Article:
A fictional, and sometimes defined as mythical character devised by Mr. George Rosenkranz, whom he created for several abbrieviated bridge columns in The Bridge Bulletin and for the Bridge World magazine. The character, however, was expanded in the publication Our Man Godfrey published by Devyn Press Inc. The character is a somewhat British import to Mexico and who enjoys mainly fine food, fine wine, and the company of beautiful senoritas, two of whom frequently visit him for bridge lessons and perhaps also romantic encounters. The book also introduces the friend of Godfrey Rawlins, whose name is Jorge. Translated into English, it is the equivalent of George, or George Rosenkranz.
A derivative of the Culbertson System that described hand valuation in points, whereas Mr. Ely Culbertson had used honor tricks, and replaced the older version as the Standard American System, a position it held for several decades.
Goren Opening Bids
In the original version, Mr. Charles Goren proposed that any raise to the three level are absolutely game forcing and that all two level openings should also be game forcing and contain at least a 5-card suit of that denomination.
Go To Game
A designation meaning that the partnership bids game in either No Trump, in a Major suit, or in a Minor suit.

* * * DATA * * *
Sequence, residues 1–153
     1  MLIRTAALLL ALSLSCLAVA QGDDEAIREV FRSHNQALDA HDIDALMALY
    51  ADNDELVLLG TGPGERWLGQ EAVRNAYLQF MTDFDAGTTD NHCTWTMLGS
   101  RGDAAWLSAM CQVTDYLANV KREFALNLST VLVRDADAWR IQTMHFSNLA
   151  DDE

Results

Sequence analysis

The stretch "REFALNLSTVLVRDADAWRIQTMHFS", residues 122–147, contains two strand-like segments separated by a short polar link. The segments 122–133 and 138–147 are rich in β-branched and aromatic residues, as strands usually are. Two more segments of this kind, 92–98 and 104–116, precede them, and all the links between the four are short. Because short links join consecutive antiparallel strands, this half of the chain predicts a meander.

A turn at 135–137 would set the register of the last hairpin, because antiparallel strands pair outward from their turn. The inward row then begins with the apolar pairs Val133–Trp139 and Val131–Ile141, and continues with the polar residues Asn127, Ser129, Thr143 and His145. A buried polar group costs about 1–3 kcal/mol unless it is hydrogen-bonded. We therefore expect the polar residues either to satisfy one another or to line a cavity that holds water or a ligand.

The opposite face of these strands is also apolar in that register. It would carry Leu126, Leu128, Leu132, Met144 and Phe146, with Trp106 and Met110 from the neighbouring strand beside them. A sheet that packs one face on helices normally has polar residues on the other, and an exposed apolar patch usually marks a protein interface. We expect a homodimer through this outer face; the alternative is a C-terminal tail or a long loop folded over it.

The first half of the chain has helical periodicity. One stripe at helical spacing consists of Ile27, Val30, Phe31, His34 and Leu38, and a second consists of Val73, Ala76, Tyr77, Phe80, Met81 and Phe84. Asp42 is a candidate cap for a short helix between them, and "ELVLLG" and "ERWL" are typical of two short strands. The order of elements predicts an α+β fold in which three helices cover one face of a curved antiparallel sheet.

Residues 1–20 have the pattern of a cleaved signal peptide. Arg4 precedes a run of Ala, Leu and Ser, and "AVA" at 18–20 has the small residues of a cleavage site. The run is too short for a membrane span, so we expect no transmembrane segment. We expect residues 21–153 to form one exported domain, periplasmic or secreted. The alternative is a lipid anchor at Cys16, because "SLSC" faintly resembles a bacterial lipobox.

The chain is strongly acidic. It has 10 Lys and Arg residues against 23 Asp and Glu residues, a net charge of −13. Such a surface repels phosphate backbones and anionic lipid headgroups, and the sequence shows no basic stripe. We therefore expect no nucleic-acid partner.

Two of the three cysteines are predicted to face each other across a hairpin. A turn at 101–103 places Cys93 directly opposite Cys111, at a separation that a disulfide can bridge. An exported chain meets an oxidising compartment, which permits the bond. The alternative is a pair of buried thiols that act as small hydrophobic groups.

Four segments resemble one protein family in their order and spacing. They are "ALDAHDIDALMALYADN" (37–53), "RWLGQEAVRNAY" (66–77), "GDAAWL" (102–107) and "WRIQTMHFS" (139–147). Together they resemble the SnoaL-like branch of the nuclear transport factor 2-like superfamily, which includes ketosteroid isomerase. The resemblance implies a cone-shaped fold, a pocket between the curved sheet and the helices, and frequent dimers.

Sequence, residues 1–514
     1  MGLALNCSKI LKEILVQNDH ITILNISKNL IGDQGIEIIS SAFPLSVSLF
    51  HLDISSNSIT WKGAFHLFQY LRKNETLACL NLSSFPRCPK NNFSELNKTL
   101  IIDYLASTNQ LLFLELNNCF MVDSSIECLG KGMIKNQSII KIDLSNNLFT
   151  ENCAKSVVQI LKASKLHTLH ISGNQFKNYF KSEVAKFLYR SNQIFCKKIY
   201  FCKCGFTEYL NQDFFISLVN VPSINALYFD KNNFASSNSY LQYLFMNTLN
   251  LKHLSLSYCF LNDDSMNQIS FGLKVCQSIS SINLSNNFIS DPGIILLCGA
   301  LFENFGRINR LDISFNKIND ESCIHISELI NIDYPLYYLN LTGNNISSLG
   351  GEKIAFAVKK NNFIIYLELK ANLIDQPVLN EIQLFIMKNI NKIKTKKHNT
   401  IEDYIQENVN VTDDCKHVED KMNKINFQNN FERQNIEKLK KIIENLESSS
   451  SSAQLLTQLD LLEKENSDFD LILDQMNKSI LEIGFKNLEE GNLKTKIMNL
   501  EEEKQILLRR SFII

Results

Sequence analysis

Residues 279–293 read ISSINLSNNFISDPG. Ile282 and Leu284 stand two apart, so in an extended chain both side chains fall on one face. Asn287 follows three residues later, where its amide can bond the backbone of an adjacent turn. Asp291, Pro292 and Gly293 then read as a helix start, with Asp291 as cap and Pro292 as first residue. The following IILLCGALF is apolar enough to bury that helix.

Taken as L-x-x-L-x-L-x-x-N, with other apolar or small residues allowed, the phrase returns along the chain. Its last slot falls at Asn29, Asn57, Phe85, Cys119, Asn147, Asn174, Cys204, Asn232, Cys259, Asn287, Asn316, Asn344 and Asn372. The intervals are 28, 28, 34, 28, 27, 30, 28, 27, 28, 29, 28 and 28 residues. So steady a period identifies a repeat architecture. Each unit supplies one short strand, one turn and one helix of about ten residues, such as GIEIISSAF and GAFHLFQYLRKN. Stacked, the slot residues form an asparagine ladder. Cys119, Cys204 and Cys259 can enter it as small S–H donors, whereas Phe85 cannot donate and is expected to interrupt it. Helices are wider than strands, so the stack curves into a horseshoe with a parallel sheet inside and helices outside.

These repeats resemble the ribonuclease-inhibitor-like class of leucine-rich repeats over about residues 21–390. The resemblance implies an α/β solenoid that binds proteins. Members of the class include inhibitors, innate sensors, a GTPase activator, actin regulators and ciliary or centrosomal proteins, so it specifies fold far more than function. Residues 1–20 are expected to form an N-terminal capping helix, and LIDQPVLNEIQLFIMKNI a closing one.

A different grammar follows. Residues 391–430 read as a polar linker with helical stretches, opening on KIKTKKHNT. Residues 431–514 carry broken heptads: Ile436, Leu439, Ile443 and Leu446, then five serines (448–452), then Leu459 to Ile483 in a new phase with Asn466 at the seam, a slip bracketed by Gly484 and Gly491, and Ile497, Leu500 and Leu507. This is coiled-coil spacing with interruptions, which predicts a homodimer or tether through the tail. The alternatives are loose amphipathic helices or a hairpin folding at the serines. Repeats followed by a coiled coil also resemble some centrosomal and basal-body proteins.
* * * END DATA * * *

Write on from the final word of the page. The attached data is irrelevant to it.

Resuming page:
Gouba Rescues - Gouba Rescue Bids
This designation has been sent in by a reader and contributed by him. This defense method to a defense method has not been substantiated and is only presented in its most basic form. The assumption is that this concept is geographically regional. The concept behind the Gouba Rescue bids is that if the opponents compete with a double following a No Trump opening, then the partner of the No Trump bidder will bid, with a two-suited holding and sufficient values to compete, the lower-ranking suit of two touching suits or non-touching suits. If the immediate opponent doubles, then the partner of the No Trump bidder can take action, when holding a two-suiter, by bidding the lower-ranking suit. If the left hand opponent passes, then the No Trump bidder can, having meager support for that suit, relay upwards. If the partner holds touching suits, then the partner may pass. If the partner holds non-touching suits, then the partner corrects to the second suit.